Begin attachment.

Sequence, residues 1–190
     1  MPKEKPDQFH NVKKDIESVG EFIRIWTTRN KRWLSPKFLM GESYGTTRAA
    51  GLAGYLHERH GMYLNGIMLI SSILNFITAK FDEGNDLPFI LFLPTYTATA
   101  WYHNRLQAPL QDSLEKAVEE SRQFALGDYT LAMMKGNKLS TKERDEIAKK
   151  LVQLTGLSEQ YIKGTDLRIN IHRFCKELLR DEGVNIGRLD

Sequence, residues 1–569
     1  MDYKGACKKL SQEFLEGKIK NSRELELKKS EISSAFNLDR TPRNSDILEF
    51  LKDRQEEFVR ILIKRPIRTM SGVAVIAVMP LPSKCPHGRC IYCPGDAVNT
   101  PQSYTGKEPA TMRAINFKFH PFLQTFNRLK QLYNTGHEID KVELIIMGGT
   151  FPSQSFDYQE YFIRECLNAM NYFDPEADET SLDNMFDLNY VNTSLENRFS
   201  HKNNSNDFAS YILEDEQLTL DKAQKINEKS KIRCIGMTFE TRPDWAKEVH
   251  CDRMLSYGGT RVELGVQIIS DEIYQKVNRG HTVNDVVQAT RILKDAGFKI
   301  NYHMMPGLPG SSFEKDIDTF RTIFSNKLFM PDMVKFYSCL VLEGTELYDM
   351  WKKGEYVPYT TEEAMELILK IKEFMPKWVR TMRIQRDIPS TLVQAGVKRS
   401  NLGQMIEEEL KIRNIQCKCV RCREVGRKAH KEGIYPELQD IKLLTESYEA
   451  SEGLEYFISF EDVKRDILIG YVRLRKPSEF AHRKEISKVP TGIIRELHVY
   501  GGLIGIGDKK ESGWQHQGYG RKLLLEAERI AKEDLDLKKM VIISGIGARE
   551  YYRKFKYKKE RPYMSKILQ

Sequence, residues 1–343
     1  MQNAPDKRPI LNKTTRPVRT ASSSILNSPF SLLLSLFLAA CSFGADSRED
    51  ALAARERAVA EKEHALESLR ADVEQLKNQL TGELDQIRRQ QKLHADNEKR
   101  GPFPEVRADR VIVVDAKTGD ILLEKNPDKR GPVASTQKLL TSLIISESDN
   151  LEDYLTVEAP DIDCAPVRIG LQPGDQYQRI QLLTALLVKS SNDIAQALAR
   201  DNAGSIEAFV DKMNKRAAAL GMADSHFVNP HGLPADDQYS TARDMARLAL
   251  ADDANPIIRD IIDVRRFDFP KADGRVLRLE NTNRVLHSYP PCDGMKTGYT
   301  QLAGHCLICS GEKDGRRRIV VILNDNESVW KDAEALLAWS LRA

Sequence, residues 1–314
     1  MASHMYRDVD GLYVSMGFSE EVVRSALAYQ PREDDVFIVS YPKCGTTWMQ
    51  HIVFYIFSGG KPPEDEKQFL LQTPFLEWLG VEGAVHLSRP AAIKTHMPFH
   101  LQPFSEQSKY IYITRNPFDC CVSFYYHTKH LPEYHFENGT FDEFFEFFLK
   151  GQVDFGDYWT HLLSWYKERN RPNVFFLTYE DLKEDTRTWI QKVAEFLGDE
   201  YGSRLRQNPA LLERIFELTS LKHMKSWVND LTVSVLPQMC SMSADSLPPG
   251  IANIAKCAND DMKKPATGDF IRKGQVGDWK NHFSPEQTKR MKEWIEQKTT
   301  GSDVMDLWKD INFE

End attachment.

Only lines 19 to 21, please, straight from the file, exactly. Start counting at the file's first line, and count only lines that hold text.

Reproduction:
Sequence, residues 1–343
     1  MQNAPDKRPI LNKTTRPVRT ASSSILNSPF SLLLSLFLAA CSFGADSRED
    51  ALAARERAVA EKEHALESLR ADVEQLKNQL TGELDQIRRQ QKLHADNEKR